ENGLAND’S so-called “freedom day” has been postponed as cases of the Delta variant cause concern across the UK.

The Prime Minister has announced that the road map easing earmarked for June 21 will be delayed by four weeks until July 19. He left open the option of ending restrictions on July 5 if the data proves drastically better than expected but conceded this is “unlikely”.

The announcement means that limits on numbers for sports events, pubs and cinemas will remain in place, nightclubs will stay closed and people will be encouraged to keep up social distancing and working from home.

However, weddings will be allowed to go ahead with more than 30 guests, as well as wakes, with limits set based on social distancing requirements by venues. The target to vaccinate all adults will be accelerated, with 23 and 24-year-olds to be invited to be vaccinated from tomorrow, while second jabs for those over 40 will also be accelerated.

“It’s unmistakably clear the vaccines are working and the sheer scale of the vaccine roll-out has made our position incomparably better than in previous waves,” Boris Johnson said.

“But now is the time to ease off the accelerator, because by being cautious now we have the chance in the next four weeks to save many thousands of lives by vaccinating millions more people.”

The move follows warnings from scientists that the rapid spread of the Delta variant first identified in India risks a “substantial” third wave if it is allowed to spread unchecked.

The Delta variant of Covid-19, first identified in India, is now responsible for up to 96 per cent of new cases – with a 60 per cent increased risk of household transmission compared with the Alpha variant, which originated in Kent last year.

And while the vaccine rollout is estimated to have already averted more than 14,000 deaths in older people, just under half of all adults in England are not yet fully vaccinated.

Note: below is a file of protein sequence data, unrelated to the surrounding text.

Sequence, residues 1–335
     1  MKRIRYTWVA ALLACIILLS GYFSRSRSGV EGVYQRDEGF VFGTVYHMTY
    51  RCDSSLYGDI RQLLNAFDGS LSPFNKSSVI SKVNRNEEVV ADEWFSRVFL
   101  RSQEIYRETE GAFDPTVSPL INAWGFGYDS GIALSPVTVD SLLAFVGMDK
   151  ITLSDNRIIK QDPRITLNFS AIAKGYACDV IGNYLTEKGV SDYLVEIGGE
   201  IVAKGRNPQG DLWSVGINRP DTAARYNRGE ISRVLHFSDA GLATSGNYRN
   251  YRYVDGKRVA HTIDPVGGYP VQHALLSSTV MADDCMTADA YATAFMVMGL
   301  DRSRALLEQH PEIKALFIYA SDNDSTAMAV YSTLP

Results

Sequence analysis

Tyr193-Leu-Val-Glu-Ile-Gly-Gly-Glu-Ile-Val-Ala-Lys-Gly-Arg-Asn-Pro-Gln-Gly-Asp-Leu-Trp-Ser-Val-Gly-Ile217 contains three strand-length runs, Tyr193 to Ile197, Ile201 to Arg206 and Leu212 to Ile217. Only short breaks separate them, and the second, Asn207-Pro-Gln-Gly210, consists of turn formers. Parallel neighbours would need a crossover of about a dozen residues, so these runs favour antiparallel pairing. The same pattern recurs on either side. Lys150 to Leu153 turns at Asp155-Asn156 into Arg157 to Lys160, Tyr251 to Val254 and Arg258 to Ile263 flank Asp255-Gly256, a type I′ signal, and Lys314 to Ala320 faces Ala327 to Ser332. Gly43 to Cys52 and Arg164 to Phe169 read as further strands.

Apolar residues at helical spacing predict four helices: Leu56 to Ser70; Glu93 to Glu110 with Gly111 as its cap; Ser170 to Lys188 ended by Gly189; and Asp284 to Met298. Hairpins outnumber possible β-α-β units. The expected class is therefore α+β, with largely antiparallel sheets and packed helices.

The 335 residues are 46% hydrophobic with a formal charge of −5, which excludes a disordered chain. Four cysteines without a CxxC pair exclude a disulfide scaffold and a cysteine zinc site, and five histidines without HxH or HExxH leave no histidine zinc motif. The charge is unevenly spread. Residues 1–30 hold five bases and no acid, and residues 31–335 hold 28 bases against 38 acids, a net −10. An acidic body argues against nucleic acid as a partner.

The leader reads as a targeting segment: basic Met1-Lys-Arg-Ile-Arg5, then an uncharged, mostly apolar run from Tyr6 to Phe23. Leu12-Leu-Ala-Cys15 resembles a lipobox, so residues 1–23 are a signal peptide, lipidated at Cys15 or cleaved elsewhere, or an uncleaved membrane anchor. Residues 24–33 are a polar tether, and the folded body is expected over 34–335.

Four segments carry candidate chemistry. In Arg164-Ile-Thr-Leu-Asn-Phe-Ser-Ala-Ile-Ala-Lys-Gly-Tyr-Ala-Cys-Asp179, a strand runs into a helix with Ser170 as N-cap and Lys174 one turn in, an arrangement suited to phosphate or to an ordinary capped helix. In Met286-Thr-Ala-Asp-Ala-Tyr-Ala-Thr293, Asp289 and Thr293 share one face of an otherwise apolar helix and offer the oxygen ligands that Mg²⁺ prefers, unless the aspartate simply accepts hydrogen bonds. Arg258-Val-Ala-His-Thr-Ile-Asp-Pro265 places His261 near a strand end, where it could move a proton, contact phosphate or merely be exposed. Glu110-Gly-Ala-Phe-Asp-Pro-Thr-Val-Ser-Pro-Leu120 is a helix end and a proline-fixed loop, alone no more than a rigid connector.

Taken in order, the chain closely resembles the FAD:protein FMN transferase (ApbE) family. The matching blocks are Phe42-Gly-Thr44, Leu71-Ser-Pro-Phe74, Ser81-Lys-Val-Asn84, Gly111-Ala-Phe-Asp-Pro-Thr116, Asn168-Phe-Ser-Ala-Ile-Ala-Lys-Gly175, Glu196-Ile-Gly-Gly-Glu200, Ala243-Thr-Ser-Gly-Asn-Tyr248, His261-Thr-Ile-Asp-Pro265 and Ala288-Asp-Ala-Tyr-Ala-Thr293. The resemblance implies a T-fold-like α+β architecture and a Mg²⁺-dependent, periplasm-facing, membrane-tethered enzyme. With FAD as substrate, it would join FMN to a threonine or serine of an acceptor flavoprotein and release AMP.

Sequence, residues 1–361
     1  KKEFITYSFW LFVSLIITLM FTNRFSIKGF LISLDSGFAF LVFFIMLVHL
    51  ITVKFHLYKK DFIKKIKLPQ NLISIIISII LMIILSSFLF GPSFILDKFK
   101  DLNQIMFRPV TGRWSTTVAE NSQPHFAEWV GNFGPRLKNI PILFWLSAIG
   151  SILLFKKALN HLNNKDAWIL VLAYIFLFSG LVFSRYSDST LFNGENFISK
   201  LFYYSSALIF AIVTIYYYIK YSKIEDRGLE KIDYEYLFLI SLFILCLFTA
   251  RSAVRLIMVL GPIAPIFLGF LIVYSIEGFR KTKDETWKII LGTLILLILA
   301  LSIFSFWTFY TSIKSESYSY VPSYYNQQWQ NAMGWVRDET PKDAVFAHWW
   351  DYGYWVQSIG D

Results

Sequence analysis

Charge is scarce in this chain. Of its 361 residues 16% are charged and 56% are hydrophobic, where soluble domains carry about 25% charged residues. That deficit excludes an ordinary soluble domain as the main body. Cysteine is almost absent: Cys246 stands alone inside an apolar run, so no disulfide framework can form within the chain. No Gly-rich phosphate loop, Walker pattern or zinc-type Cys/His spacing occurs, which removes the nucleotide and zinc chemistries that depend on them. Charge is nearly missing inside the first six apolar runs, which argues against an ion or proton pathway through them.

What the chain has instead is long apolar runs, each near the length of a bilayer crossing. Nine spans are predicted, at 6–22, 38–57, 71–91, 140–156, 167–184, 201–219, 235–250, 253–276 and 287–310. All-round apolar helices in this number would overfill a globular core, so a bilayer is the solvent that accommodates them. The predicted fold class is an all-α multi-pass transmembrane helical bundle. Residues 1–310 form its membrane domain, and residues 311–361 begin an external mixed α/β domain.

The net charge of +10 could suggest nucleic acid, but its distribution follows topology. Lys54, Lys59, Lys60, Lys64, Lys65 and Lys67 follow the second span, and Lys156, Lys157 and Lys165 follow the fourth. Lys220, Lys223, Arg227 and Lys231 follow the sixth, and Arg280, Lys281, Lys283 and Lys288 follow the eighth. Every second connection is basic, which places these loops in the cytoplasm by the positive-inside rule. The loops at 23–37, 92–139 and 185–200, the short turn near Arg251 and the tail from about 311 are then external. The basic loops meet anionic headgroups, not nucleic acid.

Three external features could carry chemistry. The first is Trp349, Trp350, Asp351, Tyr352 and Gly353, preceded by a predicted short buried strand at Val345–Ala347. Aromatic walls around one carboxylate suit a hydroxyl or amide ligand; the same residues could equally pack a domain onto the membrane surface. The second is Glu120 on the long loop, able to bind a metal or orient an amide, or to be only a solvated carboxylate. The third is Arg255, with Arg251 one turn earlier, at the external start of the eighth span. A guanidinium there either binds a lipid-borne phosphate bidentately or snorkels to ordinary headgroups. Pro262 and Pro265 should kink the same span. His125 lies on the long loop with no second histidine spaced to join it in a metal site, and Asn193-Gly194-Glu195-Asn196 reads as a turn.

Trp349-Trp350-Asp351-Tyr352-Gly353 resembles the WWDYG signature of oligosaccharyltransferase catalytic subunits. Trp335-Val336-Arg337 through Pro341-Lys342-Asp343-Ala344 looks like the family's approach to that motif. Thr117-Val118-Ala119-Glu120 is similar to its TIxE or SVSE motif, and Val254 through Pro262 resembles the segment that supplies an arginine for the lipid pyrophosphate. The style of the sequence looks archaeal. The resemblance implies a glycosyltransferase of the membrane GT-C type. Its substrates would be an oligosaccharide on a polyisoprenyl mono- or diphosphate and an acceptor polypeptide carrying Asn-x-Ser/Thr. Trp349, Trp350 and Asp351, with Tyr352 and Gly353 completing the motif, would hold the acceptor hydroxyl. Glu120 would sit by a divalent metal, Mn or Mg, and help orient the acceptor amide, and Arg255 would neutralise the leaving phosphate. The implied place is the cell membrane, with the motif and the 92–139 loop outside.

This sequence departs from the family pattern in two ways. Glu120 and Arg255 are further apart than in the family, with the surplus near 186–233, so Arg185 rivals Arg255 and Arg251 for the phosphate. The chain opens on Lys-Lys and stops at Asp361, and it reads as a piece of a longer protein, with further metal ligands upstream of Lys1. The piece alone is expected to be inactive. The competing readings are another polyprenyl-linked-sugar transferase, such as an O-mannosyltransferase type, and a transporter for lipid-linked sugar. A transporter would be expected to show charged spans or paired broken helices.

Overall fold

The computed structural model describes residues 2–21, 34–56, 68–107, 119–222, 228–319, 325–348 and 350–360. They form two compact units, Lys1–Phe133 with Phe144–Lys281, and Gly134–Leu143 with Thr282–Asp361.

As previously reported by the Gazette, Public Health England figures published on Friday (June 11) revealed 37 cases of the Delta variant have been recorded in Basingstoke and Deane.

Coronavirus hotspots are now starting to appear across the borough with Brighton Hill, Bramley, Sherfield and the Sherbornes all recording a rolling rate significantly higher than the UK average.

Brighton Hill is the worst affected area in Basingstoke with cases up by 650 per cent after 15 people contracted the virus in the seven days to June 9 - giving the area a rolling rate of 207.6 cases per 100,000 people.

Office for National Statistics (ONS) suggest the number of people who had the virus in England has increased by around three-quarters in a week, taking it to its highest tally since mid-April, with the R value between 1 and 1.2.

Health minister Edward Argar said that if the June 21 lockdown easing was delayed for one month, another 10 million second coronavirus vaccine doses could be given across the UK.

He told Sky News that while the number of people in hospital has been “creeping up a bit”, vaccination meant “we are seeing that severing of the link between the disease and hospitalisations and death.”

Mr Argar added: “I think that on that basis, everyone will recognise that there comes a point where we do have to live with this disease and recognise that you cannot go for a zero Covid approach, you have to live with it, and vaccination is the key to that.

“So I think once we have got those second doses in people’s arms, once we have got that level of protection up to around that 81 per cent, then I think people will be more comfortable with it.”

The postponing of lockdown has been met with fury by some Tory MPs, with a vote this month expected to lead to a possible Conservative backbench rebellion.

Conservative MP Peter Bone said a delay to the lifting of restrictions should not happen “without really good reason” and that currently he “can’t see the evidence why we should be postponing our freedom”.

He said there should only be restrictions “if there is a very clear danger to society”.